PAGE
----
Marketing is Causing ObamaCare's Problems, Says Dr. John Tantillo, Branding and Marketing Expert

Marketing and not messaging is causing ObamaCare’s problems says Dr. John Tantillo, the branding and marketing expert and author of the book, “People Buy Brands, Not Companies.” No matter what others think, marketing does not get people to buy what they do not want.

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Dr John Tantillo

No matter what others think, marketing does not get people to buy what they do not want. And for this reason, the Affordable Care Act’s (ObamaCare) destiny can only be product failure because it does not satisfy the needs of most Americans.

Forest Hills, NY (PRWEB) January 02, 2014

Marketing and not messaging is causing ObamaCare’s problems says Dr. John Tantillo, the branding and marketing expert and author of the book, “People Buy Brands, Not Companies.” No matter what others think, marketing does not get people to buy what they do not want. And for this reason, the Affordable Care Act’s (ObamaCare) destiny can only be product failure because it does not satisfy the needs of most Americans. The reality is that when it comes to customer behavior, it is not about you, it is all about your customers.

According to Tantillo, “It is only when products flop do intelligent individuals realize the importance of marketing. The problem with many product failures is that decision makers often forget just what marketing is -- the art and science of satisfying customer needs.”

Tantillo bases his argument on a customer-oriented approach referred to as “Marketing Myopia” (Levitt, 1960), which was introduced in the Harvard Business Review. It states, “businesses will do better in the end if they concentrate on meeting customers’ needs rather than on selling products.”

ObamaCare went wrong for Dr. Tantillo by not responding to the needs of the various segmented markets (micro targeting) that was done so effectively in the two elections that preceded ObamaCare’s product introduction.

Using this “micro-targeting” model, Tantillo identifies three groups that can be identified as potential causes for ObamaCare’s poor rollout -- the young, the presently insured and the un-insured. The first group (the young) includes all those (18-34) folks who voted for the president.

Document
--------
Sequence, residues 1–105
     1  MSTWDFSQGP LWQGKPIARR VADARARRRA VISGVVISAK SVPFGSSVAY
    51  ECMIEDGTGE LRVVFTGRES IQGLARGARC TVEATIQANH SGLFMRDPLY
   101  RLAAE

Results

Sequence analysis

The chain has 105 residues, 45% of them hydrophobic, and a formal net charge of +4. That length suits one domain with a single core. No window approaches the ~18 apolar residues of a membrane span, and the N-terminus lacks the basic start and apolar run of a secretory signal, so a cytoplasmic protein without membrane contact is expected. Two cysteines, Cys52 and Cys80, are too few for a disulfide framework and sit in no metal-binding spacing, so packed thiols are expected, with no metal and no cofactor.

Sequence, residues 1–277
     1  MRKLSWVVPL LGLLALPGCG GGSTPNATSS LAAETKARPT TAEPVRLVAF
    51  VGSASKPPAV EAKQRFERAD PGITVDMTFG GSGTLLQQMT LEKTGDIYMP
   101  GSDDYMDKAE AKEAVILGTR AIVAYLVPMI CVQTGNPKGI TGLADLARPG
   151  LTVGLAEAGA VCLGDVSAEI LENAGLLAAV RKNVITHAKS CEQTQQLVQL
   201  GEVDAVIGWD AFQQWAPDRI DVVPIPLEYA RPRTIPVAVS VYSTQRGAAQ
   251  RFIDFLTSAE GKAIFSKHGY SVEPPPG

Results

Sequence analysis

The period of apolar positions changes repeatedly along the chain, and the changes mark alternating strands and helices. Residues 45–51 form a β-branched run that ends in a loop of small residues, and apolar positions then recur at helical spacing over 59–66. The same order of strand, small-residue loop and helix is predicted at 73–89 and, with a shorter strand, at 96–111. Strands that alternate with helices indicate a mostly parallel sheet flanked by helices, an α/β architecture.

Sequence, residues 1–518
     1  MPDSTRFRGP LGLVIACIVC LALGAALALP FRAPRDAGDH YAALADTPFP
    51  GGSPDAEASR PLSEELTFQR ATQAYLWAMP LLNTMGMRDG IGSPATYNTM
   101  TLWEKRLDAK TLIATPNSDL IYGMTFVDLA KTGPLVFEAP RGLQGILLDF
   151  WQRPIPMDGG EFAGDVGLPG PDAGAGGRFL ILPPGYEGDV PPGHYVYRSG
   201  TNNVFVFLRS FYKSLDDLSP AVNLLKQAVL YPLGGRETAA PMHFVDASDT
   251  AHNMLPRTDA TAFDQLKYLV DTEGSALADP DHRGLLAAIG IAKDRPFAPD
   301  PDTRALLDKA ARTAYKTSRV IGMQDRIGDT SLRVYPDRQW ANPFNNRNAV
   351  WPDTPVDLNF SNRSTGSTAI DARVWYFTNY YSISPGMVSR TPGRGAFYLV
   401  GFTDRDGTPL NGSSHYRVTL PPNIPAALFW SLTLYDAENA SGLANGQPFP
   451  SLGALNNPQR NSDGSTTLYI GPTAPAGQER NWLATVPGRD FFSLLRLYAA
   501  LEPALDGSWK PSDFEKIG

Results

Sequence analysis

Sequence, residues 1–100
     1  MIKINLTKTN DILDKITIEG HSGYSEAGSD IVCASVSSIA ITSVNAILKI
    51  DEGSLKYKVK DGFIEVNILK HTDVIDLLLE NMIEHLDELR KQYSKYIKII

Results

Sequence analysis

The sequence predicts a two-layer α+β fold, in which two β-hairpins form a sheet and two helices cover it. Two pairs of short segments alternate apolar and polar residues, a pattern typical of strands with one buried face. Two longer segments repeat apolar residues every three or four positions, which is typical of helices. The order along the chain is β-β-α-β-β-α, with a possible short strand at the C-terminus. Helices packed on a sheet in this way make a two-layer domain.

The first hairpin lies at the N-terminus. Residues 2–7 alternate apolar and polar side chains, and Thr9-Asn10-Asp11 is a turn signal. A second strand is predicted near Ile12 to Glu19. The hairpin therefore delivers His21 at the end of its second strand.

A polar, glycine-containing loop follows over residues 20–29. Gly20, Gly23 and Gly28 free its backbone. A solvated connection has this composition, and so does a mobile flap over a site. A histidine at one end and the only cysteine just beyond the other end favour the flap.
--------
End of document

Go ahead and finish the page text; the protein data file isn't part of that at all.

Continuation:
It is no secret that health care is a not a young, single person’s product. The real question is how do you motivate young people to buy health insurance when they do not perceive it as a real need for them now?

Remember that marketing is all about what the customer needs and this demographic, simply does not care about health care. Add to it, that young people (under 26) are now included on their parent’s family healthcare plan and you have a brand being cannibalized by its own success.

The presently insured (the largest group which include democrats, republicans and independents), is where most of the problems now lie.

When marketers make changes to already existing products that their customers like, product failure may not be far away. This is especially an issue for the “non-committed” presently insured base, which includes republicans and independents who are more practical than ideological.

The un-insured, those who do not want insurance unless they have a pre-existing condition or have a pressing medical issue is another group whose needs are not being met by the ACA.

Assessing what Americans really wants for themselves should be the goal of our new “customer centric” health care delivery and healthcare insurance systems. Leaving that to marketing oriented healthcare professionals is the logical choice especially when keeping your customers in mind.


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